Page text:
Namibian Wildlife Sanctuary
Start Dates are every Monday and Wednesday of each month.
This project allows volunteers the chance to travel and work as a volunteer at the Namibia Wildlife Sanctuary with cheetahs, lions and other big cats.
Volunteers will help to care for and feed the animals on a daily basis as well as helping with maintenance work at the sanctuary. Maintenance work may include de-bushing to get rid of invasive species, digging trenches to extend water supplies to camps, and other manual activities.
Volunteers are involved in all aspects of the sanctuary work whilst here. The animals are taken to one of the release sites to be reintroduced to the wild as soon as they can be to avoid too much human familiarity. Since opening in 2008, 40 carnivores have been released, and the number is always growing. For a chance to work at the release site please see our Carnivore Conservation and Research Project.
Arrive at Windhoek Airport and transfer to Project site. The transfer is a drive of approximately 45 minutes. Spend rest of the day at the site, meet with other volunteers and volunteer co-ordinators and join an orientation talk.
Project Days. Rise early and eat breakfast at 7am. Meet with other volunteers and volunteer coordinators at 8am. Begin morning activities which are distributed on a rotational basis. There is usually a tea-break at around 10:30am. Begin a second-morning activity after this, with lunch commencing at 1pm. Afternoon activities begin at 2:30pm, and run until 5:30pm when an educational talk is held. Dinner is at 6pm, and evenings are free for volunteers to spend as they please.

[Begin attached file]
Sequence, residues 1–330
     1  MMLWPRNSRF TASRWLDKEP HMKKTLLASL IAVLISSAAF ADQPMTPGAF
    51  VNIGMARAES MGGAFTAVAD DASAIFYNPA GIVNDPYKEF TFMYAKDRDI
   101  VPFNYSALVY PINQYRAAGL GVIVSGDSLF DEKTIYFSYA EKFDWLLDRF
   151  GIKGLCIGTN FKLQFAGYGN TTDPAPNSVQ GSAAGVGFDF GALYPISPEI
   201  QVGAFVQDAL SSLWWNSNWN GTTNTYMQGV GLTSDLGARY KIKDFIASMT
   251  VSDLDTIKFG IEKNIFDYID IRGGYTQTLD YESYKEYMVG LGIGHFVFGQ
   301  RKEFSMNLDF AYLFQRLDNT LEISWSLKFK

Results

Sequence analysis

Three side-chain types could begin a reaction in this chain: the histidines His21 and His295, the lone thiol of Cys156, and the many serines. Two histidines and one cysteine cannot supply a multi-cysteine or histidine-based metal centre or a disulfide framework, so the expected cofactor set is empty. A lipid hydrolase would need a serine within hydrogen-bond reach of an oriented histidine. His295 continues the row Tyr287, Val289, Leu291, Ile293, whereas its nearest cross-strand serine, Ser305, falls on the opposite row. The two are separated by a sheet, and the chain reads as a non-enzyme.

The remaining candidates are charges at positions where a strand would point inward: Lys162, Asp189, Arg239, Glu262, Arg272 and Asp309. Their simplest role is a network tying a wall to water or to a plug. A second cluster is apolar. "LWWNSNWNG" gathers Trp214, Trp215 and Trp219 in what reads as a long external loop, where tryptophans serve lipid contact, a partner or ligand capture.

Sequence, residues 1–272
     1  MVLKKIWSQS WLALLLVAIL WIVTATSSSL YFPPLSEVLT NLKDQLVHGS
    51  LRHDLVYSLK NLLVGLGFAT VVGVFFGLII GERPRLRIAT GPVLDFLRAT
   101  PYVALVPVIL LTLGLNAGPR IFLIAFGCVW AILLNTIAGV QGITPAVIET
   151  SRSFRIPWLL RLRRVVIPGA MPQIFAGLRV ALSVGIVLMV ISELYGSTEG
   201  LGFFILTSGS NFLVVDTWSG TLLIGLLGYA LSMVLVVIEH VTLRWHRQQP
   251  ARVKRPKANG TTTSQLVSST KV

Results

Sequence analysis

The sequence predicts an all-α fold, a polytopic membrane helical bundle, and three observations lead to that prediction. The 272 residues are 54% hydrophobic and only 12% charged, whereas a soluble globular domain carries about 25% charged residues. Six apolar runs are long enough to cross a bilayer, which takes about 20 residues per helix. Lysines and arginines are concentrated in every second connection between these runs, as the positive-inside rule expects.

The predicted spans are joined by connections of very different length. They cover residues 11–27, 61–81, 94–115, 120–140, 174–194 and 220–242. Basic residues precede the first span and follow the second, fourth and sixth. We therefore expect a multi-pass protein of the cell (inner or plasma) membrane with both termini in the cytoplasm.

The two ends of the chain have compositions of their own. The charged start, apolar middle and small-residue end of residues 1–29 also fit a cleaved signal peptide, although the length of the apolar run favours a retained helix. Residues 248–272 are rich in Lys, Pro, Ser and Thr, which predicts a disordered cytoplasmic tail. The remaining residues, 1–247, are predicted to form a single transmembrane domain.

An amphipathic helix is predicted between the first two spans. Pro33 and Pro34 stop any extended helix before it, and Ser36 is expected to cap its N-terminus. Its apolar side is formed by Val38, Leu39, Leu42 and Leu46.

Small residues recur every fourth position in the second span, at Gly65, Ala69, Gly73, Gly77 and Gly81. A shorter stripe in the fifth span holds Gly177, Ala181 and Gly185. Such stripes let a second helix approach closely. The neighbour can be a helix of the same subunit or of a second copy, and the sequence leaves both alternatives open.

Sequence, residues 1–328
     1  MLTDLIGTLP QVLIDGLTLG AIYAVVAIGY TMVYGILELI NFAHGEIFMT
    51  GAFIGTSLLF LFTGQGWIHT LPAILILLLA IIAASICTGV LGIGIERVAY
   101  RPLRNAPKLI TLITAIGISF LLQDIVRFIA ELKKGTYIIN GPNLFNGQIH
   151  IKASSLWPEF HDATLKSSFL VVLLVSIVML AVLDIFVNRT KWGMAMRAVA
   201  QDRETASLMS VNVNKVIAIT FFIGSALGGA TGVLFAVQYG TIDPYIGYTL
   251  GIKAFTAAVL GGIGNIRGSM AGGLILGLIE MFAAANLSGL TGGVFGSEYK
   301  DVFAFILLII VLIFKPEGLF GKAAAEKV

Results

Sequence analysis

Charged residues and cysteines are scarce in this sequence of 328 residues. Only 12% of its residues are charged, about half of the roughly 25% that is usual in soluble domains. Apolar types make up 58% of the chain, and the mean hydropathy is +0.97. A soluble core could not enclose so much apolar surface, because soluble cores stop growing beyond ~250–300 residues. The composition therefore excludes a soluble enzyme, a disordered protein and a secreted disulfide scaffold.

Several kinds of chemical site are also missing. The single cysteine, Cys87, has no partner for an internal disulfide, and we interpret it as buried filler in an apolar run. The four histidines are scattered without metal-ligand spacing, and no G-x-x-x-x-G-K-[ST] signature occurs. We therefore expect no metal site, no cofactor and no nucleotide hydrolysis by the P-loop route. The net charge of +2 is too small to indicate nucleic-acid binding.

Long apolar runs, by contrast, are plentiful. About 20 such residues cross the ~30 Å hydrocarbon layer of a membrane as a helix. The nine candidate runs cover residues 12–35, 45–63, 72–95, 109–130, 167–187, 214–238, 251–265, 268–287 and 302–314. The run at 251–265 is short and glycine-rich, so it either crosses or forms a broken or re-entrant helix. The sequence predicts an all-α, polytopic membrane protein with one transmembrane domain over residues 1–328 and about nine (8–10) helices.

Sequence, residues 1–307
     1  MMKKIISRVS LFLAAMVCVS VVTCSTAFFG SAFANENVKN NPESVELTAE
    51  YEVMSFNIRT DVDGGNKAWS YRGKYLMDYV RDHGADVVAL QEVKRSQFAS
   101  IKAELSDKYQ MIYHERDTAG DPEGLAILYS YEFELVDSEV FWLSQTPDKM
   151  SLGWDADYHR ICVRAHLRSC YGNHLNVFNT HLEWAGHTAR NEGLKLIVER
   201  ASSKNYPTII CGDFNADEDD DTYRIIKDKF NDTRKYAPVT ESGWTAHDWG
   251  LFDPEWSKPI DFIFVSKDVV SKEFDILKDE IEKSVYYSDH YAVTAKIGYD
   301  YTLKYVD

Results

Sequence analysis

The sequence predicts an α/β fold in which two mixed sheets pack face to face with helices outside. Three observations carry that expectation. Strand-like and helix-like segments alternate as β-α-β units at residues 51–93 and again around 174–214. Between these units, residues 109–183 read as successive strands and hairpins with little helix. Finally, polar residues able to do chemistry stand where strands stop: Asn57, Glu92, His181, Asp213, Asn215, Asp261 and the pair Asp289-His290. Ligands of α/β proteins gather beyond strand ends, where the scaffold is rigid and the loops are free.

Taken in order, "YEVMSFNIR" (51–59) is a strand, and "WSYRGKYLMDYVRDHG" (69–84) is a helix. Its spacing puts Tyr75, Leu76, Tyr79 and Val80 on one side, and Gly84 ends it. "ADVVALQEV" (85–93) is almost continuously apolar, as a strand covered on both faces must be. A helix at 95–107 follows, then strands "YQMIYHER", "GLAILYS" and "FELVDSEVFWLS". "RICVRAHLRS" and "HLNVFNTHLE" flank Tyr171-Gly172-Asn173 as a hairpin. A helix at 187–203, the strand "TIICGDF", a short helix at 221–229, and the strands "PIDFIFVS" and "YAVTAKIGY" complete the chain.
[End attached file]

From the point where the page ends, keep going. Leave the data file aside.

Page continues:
Final Day, transfer from the project site to Windhoek airport for your return flight, or commence independent travel plans.
Volunteers are responsible for preparing the food for and feeding all of the animals each day. Vegetables, fruit and mieliepap (a kind of porridge) are used to feed the baboons and farm animals.
Volunteers are also able to experience regular carnivore-feeds with lions, leopards, semi-tame and wild cheetahs, and even with rare African wild dog and hand-feed the resident meerkats.
Volunteers are encouraged to help look after the resident baby baboons - this will almost definitely include taking a walk across the beautiful veldt with the baby and junior baboons. Volunteers also feed them, bathe them and take them to bed so they have someone to cuddle with at night and don't feel scared. It is the highlight of many people's time here and is a crucial part of the project but is not a mandatory activity.
Volunteers are involved in the clearing out of old food and bones from animal enclosures, the cleaning of waterholes and the fixing of any damage to the animal enclosures.
Volunteers get to spend part of each day playing with and looking after some of the animals on the farm. These interactions include taking a walk with the gorgeous caracals spending one on one time with the semi-tame cheetahs and meeting the resident pack of African Wild Dogs (also known as painted dogs); one of the rarest carnivores in the whole of Africa.
Volunteers receive a daily educational talk on various topics including the proliferation of local game, species resident within the Namibia wildlife sanctuary, and the science of wildlife immobilisation.
Local School Visits
Volunteers will spend one afternoon a week working with the schoolchildren in the local school, helping to teach them English and games!
Interested in this; ready to enquire?
Find out more by filling out the form below and clicking send. The Great Projects should then be in touch shortly to help with your enquiry.